#1
JUST READ the "Going Into The Studio" Thread and it made me want to vent!

I, and the guys in my band, are all in our late 20s. When we started out, we had a friend record us and we paid him. We were split on how good of a job he did, but:

Everything was done on a scheudle
Everything was delivered on time
Mixing and production were discussed meeting style

The experience was good and the quality was exactly what we paid for...
COOL


Then, when it came to record new songs, our bass player, a sound engineer, realyl wanted to do it. He went on about how it would save us money and time and trouble and we'd get exactly what WE want out of it.

It has taken 6 months to do 10 songs. He WILL NOT get everything done on a scheudle. He is being completely casual about it. When parts do get done, things get changed, i.e.:

I record a guitar part, the way we play it all the time, the way I wrote it.
Another band member, who is just hanging out at the house and wants to hear teh tracks, will talk him into editing my part. Now, when I hear it back 2 weeks later, it's not what I recorded and other parts have been recorded, adjusted to the new version

I could list dozens of problems being encountered here.
Our band may be pretty much done with this line-up because of recording issues.

My QUESTION:

Have you ever had a bad recording experience with a freind or band member?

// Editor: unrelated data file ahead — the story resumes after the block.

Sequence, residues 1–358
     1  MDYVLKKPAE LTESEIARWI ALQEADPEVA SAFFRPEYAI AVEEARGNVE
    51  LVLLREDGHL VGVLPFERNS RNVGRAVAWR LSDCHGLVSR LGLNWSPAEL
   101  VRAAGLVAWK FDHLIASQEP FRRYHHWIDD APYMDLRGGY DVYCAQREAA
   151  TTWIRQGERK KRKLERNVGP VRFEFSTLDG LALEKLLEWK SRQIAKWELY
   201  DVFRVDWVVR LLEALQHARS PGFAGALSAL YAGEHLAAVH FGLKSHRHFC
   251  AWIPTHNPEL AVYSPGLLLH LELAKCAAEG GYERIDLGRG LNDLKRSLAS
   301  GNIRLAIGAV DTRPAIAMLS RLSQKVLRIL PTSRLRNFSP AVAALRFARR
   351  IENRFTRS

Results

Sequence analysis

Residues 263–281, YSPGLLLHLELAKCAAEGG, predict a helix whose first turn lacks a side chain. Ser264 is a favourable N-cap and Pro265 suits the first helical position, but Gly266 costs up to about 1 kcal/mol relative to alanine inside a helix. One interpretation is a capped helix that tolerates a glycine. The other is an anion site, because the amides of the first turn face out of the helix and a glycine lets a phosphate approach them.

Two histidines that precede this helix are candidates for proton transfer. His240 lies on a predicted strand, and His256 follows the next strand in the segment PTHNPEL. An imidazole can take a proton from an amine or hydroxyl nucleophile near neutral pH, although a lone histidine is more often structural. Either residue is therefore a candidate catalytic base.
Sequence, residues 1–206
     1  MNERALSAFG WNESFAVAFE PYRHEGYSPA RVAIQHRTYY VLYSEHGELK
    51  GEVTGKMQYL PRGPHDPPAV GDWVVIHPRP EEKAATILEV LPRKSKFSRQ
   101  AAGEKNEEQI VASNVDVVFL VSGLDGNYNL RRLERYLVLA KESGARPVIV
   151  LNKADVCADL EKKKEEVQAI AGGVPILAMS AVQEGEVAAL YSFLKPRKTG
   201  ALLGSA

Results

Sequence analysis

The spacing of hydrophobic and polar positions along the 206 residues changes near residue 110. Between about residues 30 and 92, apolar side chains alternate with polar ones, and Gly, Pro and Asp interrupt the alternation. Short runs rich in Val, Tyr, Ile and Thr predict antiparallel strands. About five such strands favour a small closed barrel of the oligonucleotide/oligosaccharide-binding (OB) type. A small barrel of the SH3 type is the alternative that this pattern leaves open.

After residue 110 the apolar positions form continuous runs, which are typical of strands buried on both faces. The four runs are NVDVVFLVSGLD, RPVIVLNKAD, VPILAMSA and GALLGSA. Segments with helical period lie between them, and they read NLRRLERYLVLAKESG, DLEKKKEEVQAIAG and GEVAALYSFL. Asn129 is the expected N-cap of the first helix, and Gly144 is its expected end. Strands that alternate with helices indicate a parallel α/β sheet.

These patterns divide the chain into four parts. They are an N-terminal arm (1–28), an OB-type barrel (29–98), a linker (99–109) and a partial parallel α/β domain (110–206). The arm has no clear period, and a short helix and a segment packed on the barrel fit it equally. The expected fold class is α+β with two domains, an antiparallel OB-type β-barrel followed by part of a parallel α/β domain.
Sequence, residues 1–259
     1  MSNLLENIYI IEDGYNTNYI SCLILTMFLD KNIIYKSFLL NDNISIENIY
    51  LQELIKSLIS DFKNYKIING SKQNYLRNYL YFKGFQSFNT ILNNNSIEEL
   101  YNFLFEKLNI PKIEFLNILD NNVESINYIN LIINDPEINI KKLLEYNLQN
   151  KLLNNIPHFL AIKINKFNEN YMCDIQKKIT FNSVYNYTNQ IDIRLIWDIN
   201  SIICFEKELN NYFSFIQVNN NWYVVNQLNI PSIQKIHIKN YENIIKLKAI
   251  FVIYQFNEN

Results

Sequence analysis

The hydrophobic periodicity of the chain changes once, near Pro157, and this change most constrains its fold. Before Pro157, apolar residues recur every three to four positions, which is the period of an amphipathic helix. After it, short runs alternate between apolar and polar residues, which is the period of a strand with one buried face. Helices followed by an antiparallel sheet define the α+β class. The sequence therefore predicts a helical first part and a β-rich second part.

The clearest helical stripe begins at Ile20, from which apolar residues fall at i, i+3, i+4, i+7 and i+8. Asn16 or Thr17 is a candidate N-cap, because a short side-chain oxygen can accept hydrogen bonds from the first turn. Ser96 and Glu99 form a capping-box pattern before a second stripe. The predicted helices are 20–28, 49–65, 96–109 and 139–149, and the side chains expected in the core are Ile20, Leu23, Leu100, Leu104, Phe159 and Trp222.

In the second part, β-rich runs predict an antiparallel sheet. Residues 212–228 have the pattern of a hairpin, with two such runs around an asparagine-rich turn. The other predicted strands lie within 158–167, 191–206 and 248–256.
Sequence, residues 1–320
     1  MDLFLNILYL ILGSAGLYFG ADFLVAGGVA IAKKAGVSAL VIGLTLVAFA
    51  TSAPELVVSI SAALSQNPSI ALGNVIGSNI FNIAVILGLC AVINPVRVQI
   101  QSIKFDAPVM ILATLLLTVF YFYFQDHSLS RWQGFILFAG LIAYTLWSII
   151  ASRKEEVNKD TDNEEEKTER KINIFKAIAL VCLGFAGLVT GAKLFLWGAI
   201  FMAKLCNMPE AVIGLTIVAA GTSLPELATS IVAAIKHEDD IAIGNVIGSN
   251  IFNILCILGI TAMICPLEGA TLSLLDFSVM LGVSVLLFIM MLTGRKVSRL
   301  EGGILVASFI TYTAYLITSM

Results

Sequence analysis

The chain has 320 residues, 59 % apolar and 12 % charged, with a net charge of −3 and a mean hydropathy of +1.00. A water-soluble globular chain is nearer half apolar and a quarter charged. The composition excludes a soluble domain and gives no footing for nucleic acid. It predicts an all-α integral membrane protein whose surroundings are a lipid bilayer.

#2
Well, I'm the one recording my band because I have a Pro Tools setup. We're pretty casual about it, but I usually record all the guitars to the songs, mainly because I'm the main songwriter. I write the bass tracks and drum tracks in MIDI, and use those in the recordings until the bassist gets around to recording. However, we're just starting out, and trying to get a demo made so we can start getting shows. I imagine that if we were on a schedule, since I am also the band leader, I would make sure that things got done in a timely fashion.
#3
Although home DIY recording is often good, a pro studio is usally a far better option.

Your bassist doesn't sound like a very good engineer - the first thing you need to do is respect the band's wishes, but it sounds like he's just going vigilante and mixing it the way he likes.


Here's how our band does it, would work for you guys:

- Record the band in a prod studio, but don't do any mixing
- Take the masters home with you
- Arrange 'mixing sessons' at your bassist's house where the band sit, have a few beers and mix the tracks together (with your bassist at the desk and you guys making the decisions).

Though unless your bassist has good quality monitors and decent production skills that's a bad idea.